Peter Stutchbury 1992. Israel House. Paradise Beach, NSW, Australia.

Pool House by TongTong studio.

http://tongtong.co/portfolio/pool-house

“We are all of us capable of doing harm to other people by simple treating them, or our transactions, as something machine-like.”

Christopher Alexander

Christopher Alexander: A Pattern Language

DIGGING

Between my finger and my thumb
The squat pen rests; snug as a gun.

Under my window, a clean rasping sound
When the spade sinks into gravelly ground:
My father, digging. I look down

Till his straining rump among the flowerbeds
Bends low, comes up twenty years away
Stooping in rhythm through potato drills
Where he was digging.

The coarse boot nestled on the lug, the shaft
Against the inside knee was levered firmly.
He rooted out tall tops, buried the bright edge deep
To scatter new potatoes that we picked,
Loving their cool hardness in our hands.

By God, the old man could handle a spade.
Just like his old man.

My grandfather cut more turf in a day
Than any other man on Toner’s bog.
Once I carried him milk in a bottle
Corked sloppily with paper. He straightened up
To drink it, then fell to right away
Nicking and slicing neatly, heaving sods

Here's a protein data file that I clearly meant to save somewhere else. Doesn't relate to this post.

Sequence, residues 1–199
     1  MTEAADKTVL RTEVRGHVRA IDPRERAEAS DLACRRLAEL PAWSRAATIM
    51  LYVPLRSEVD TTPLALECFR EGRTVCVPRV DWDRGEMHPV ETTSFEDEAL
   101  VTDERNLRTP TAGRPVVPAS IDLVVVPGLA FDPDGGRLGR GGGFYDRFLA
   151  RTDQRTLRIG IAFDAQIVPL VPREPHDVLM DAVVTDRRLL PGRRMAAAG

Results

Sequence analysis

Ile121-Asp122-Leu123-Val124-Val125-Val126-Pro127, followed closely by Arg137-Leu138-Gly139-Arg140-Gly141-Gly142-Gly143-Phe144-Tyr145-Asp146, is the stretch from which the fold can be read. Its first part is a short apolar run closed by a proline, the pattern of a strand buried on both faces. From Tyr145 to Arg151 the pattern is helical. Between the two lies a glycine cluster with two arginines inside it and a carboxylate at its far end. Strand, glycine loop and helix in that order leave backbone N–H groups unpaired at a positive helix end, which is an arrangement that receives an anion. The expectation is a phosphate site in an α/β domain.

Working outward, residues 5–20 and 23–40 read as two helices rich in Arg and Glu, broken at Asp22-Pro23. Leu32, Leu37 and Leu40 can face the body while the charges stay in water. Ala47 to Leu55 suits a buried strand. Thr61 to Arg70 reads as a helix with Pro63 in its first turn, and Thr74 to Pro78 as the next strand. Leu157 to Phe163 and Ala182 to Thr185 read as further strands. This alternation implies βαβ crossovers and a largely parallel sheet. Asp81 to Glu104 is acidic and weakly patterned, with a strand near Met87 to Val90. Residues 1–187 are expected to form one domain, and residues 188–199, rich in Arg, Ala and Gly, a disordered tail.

Over his shoulder, going down and down
For the good turf. Digging.

The cold smell of potato mould, the squelch and slap
Of soggy peat, the curt cuts of an edge
Through living roots awaken in my head.
But I’ve no spade to follow men like them.

Between my finger and my thumb
The squat pen rests.
I’ll dig with it.

— Seamus Heaney

Gradual Stiffening as a Philosophy of Action

'A Pattern Language' can inspire on most pages, yet here I am struck by the beautiful simplicity of the maxim under pattern 208, that 'the process of gradual stiffening [in the building and selection of materials of a structure]… is the physical and procedural embodiment of this essential principle.' What principle is that? That 'details are fitted to the whole.'

Now this echoes all over the darkness of my mind - it could as easily provide a way to think about the curriculum, the fluidity and questioning that precedes the more detailed expository ‘stiffening’ of an idea. It could more or less embrace the ‘start with why’ model, which essentially ensures that our actions don’t spring from the trap of detail or secondary concerns, but represent the natural unfolding of a whole. There is freedom in this - a freedom of action that is profound, and I can begin now to understand the sense of gravity with which the writers of ‘A Pattern Language’ articulate their material.